Review №14 on Chinese Antitrust News from BRICS Antimonopoly Centre Experts
- China will step up support for the platform economy
- SAMR’s Center for Competition Policy and Big Data Budget
- Gan Lin: AML revision expected this year
- SAMR Legislative Action Plan 2022
- Methods for creating “model” Internet regulation
- CAC counters cyberbullying
- Campaign against unfair competition
- Netease Music accuses Tencent Music&Entertainment of unfair competition
- Chinese Foreign Ministry denies possible influence on Elon Musk
- Investment in Chinese Internet companies declined
China will step up support for the platform economy
On April 29th, the Politburo meeting of the CPC Central Committee chaired by Xi Jinping stressed the need to promote the healthy development of the platform economy, complete the process of eliminating platform violations, "normalize" regulation and take measures to support the regulated and healthy development of the sector. Such a statement has already provoked an increase in the shares of Chinese platforms. Many considered it a signal to move from aggressive pressure on Big Tech to support. The SCMP, citing unnamed sources, says that after the May holidays, authorities will meet with the country's largest digital venues to reassure them that there are no threats such as new compliance requirements or sudden fines.
SAMR’s Center for Competition Policy and Big Data Budget
The Center for Competition Policy and Big Data SAMR has published a list of expenses and receipts for 2022: the total budget of the organization will be 62 million yuan (≈$9.5 million). At the same time, the Center placed an application for public procurement of everything necessary for the implementation of the project on risk assessment and acute problems of online commerce in the amount of more than 4 million yuan (≈$600 thousand). The project involves the expansion of a "smart" system for online monitoring and regulation of online commerce, as well as the creation of models for risk analysis and prevention. In particular, a model of “choosing one of the two” will be created, i.e. coercion to exclusive cooperation, a common violation in China's platform economy. The centre will collect data on suppliers of goods and services on the largest platforms and, using big data technologies, analyze the level of the simultaneous presence of suppliers on different platforms. This will help identify platforms that are abusing their dominant position.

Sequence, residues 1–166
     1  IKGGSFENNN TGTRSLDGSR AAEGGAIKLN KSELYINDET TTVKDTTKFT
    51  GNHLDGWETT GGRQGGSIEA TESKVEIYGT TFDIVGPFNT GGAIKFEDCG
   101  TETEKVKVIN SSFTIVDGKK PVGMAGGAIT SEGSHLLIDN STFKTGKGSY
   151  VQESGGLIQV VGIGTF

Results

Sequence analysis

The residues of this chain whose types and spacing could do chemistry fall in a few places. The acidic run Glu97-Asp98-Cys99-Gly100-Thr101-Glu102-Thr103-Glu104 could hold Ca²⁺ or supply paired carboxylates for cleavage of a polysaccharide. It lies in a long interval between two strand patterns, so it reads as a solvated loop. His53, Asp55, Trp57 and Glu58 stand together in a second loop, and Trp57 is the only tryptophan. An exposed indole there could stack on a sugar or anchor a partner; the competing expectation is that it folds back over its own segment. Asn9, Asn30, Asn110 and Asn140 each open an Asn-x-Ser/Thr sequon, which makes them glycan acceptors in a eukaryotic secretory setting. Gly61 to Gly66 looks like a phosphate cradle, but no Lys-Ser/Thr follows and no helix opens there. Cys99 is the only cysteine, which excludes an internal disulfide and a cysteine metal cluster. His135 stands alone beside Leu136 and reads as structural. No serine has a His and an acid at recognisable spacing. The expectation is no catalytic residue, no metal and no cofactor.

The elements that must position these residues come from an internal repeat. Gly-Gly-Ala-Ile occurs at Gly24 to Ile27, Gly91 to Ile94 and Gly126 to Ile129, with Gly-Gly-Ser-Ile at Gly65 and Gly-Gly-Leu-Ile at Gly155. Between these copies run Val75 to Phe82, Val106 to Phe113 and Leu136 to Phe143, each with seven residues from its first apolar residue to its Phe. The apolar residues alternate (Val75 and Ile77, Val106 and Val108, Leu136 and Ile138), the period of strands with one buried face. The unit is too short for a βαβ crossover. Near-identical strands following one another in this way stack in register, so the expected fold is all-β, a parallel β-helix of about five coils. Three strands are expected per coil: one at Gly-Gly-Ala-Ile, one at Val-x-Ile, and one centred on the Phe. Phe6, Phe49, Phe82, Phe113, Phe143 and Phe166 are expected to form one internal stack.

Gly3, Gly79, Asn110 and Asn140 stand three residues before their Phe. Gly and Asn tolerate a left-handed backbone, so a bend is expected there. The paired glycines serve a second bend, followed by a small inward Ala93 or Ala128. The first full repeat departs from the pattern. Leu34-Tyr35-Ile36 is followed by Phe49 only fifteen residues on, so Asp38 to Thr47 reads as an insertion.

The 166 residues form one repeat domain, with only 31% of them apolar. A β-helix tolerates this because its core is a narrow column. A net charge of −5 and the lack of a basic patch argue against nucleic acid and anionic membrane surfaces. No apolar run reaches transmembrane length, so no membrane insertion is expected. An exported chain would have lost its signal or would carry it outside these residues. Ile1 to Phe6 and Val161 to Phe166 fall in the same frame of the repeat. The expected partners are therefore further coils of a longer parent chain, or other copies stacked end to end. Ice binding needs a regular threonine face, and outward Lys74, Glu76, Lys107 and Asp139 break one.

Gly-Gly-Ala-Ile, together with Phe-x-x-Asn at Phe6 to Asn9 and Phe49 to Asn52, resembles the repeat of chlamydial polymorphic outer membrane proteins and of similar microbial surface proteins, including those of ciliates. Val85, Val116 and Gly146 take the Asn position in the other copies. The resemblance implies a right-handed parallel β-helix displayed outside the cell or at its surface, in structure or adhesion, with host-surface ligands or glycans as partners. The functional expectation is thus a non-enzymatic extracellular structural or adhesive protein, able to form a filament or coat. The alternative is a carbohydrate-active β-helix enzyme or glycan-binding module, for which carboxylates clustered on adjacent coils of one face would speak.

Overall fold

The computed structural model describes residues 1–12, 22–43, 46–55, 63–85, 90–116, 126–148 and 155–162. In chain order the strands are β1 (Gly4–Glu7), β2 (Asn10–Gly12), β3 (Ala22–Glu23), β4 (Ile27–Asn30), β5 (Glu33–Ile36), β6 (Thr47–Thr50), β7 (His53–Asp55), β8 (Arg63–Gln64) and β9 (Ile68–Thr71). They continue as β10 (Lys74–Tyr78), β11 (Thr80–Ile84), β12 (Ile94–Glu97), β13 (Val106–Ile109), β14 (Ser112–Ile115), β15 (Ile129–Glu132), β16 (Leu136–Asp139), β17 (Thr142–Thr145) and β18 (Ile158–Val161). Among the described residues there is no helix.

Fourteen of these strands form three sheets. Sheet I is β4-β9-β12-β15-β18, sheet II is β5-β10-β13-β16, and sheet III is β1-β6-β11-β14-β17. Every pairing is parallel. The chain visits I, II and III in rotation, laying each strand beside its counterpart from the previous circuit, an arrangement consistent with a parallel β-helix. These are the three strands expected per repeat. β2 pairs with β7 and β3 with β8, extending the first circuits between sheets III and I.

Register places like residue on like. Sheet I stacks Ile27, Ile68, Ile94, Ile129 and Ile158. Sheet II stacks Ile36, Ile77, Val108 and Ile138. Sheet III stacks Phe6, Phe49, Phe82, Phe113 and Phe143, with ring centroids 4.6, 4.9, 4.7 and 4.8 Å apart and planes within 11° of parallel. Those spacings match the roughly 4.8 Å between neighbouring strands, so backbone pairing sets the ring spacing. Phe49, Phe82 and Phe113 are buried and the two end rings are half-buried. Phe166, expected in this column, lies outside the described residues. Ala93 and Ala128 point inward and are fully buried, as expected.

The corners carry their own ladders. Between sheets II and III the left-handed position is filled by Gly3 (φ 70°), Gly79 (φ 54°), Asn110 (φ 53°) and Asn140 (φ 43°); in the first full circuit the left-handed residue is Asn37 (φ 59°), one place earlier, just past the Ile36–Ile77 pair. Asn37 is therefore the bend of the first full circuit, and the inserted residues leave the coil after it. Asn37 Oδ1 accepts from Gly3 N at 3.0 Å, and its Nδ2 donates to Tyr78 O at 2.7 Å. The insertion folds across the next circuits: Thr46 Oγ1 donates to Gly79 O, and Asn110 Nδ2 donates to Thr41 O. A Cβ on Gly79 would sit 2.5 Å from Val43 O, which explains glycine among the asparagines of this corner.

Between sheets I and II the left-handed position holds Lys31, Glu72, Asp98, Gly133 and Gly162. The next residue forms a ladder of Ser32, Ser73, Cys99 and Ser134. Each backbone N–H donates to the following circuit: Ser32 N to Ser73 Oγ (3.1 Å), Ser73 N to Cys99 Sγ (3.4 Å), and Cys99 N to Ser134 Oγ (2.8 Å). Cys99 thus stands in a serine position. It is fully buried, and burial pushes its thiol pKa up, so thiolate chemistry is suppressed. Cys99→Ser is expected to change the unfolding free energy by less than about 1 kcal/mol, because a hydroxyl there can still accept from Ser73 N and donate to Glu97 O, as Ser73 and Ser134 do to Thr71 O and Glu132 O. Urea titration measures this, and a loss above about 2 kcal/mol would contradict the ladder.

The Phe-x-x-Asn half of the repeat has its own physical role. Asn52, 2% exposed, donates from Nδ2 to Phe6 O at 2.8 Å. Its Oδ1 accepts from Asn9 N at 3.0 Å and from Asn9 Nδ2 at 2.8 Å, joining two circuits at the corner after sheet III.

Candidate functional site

The centre opened on December 16th, 2021. Its function is to support the General Administration of Market Regulation of China in the areas of the antitrust, platform economy and big data.
Gan Lin: AML revision expected this year
Gan Lin, deputy head of SAMR, said that amendments to China's Antimonopoly Law are on the agenda of the legislature (NPC) and the updated law is likely to be published this year. She made such a statement at the presentation of the report "New Progress in the Protection of Intellectual Rights and the Development of the Business Environment in China in 2021". SAMR actively participated in the development of amendments to the Antimonopoly Law of the PRC, which has not been edited since its adoption in 2008. In addition to his position at SAMR, Gan Lin is the commissioner of the State Antimonopoly Bureau, which opened in November last year. Since then, the department has been actively involved in the fight against anti-competitive activities and increased regulatory capacity.
The SAMR legislative agenda for 2022 includes 69 different projects, divided into two categories: projects that need to be submitted for discussion at the general meetings of the Office during the year, if possible, and projects without a fixed time frame, the preparation of which, however, needs to be actively promoted. The drafts of the first category will specifically affect the Law of the People's Republic of China on Unfair Competition, Regulations of the State Council on Criteria for Submitting Applications for Economic Concentration Deals, Regulations on Administrative Penalties for Price Violations, Interim Prohibitions on Anti-Competitive Agreements, Interim Provisions on Abuse of Dominant Market Position, Prohibitions on Misuse of Intellectual Property Rights to Eliminate or Restrict Competition, and Provisional Provisions on Dealing with Concentration Deals. Drafts in the second category will include the PRC Price Law and Trade Secret Protection Regulations.